Tenants in a building in Ahuntsic-Cartierville are facing mass eviction with only six weeks' notice. It's a common enough story in Montreal these days, but in this case, there's even more to worry about: about half the tenants live there because they already have serious mental health problems.

"I was completely shocked – I couldn’t believe it," said one of these tenants, Simon Pauze.

He came to live at the building, which has roughly 70 total units, after severe depression and a nervous breakdown landed him in the hospital.

But the residence in Ahuntsic-Cartierville, which he ended up in 10 years ago, has intervention workers on site and activities meant to help those struggling with their mental health, who inhabit about half the units.

"I was expecting to stay here the rest of my life," said Pauze.

"Somebody was here all the time, [so] that if anything went wrong, I could come down and talk to them."

The project is run by a community organization, Espace la Traversée, and it's funded by the West Island health authority.

But the building is privately owned, and the owner decided the lease would end on March 14, giving tenants only six weeks to find new homes when they got their letters of notice in early February.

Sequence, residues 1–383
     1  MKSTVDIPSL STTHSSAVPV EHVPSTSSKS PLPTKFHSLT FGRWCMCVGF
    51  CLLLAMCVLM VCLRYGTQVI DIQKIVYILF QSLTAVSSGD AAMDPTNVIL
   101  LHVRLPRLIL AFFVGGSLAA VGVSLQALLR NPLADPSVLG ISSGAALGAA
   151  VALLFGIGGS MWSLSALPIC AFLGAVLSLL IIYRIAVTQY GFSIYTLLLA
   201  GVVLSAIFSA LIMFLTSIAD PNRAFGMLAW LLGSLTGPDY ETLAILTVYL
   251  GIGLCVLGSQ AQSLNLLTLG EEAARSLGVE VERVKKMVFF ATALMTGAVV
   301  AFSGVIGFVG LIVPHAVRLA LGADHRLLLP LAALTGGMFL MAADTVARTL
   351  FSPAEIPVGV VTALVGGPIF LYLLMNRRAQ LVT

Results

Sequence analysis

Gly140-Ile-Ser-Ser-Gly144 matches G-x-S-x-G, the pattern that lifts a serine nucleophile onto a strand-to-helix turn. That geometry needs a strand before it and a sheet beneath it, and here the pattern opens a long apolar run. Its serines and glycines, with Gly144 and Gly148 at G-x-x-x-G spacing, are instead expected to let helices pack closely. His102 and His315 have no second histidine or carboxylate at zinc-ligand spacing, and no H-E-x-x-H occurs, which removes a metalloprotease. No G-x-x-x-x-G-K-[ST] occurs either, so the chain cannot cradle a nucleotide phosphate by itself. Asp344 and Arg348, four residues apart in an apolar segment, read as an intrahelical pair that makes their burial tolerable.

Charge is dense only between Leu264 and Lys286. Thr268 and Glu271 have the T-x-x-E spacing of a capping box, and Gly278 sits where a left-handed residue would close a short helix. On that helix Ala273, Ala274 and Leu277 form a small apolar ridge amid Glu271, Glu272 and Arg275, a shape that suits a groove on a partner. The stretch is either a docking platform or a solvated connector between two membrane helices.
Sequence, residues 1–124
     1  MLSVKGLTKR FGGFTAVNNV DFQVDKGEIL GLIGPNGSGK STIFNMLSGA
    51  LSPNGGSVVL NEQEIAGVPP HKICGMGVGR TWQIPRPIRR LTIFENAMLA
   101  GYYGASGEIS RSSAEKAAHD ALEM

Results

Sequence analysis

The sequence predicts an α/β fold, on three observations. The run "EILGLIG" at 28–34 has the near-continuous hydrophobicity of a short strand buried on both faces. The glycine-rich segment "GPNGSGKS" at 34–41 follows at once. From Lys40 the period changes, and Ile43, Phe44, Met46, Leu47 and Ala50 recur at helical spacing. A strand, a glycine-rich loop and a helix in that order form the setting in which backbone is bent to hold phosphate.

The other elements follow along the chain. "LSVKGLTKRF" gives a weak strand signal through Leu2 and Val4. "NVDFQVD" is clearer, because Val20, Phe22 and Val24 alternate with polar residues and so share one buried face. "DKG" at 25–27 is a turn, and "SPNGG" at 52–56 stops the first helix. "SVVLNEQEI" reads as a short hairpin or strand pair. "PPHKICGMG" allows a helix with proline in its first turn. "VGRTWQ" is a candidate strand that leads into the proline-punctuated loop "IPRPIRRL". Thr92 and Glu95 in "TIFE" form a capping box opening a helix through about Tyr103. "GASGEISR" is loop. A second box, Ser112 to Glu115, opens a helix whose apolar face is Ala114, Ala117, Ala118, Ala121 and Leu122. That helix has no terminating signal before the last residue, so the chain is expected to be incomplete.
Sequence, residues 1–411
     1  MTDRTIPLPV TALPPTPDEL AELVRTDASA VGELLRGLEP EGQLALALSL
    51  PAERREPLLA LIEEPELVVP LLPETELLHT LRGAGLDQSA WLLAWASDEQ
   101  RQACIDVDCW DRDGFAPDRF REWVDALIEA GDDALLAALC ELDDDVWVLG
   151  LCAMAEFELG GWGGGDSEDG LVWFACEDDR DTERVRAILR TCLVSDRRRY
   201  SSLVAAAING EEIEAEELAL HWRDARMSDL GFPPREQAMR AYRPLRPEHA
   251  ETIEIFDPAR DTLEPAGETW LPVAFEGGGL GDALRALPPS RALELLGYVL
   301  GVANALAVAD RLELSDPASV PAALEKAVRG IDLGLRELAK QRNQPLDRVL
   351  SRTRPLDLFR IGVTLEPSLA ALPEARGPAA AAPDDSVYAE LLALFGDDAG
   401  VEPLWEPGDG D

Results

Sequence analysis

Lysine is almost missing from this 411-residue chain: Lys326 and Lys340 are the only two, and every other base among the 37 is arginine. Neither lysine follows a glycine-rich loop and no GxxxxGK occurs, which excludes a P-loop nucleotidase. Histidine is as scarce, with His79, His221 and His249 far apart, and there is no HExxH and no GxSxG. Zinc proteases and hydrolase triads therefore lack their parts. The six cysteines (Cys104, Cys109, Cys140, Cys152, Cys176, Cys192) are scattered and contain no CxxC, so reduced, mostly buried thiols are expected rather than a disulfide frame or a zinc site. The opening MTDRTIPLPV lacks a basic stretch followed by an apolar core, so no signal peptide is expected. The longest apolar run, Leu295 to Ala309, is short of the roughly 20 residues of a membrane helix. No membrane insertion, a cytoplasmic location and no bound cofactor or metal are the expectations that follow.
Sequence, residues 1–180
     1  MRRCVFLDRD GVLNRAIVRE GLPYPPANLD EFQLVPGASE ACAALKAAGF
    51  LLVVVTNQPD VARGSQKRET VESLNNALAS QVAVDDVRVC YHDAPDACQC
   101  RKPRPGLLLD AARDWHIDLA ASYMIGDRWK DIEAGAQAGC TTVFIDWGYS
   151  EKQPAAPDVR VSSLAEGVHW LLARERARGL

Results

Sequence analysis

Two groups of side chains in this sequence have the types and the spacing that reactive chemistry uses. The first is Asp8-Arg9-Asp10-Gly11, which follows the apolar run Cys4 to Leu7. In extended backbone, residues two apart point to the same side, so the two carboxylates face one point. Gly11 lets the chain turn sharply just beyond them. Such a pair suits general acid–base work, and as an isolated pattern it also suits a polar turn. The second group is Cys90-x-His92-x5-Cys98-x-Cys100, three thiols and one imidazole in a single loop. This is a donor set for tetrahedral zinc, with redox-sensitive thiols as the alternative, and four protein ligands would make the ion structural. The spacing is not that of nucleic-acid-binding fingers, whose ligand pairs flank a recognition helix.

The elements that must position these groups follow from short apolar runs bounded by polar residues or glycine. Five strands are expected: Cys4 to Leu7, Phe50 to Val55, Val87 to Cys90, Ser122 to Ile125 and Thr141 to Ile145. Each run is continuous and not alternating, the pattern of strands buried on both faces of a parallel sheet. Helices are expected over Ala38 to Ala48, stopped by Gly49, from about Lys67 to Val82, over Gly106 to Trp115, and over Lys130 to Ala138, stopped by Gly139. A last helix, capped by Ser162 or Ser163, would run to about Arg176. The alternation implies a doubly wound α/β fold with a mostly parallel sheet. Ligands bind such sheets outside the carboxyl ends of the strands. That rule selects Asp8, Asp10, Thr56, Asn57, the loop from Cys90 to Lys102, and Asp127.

"Many efforts were made to convince the owner to extend the lease, to no avail," said the health authority in a statement.

The owner of the building told Radio-Canada that the community organization had the right under its contract to buy the building, and that it declined to do so.

The health authority is trying to find new housing for the current "users" of the space and to relocate them, it said.

Pauze said he found his own new apartment for the month of May, and has the option to go into temporary housing before then.

But he finds the idea of moving twice in a row to be overwhelming, so he's decided to stay put until May—without knowing what will happen on eviction day, not just to him but to all the other tenants who may not have a new option by then.

"It doesn’t interest me, because I’m extremely anxious," he said. "To move and then move again, it’s just... I can’t do it."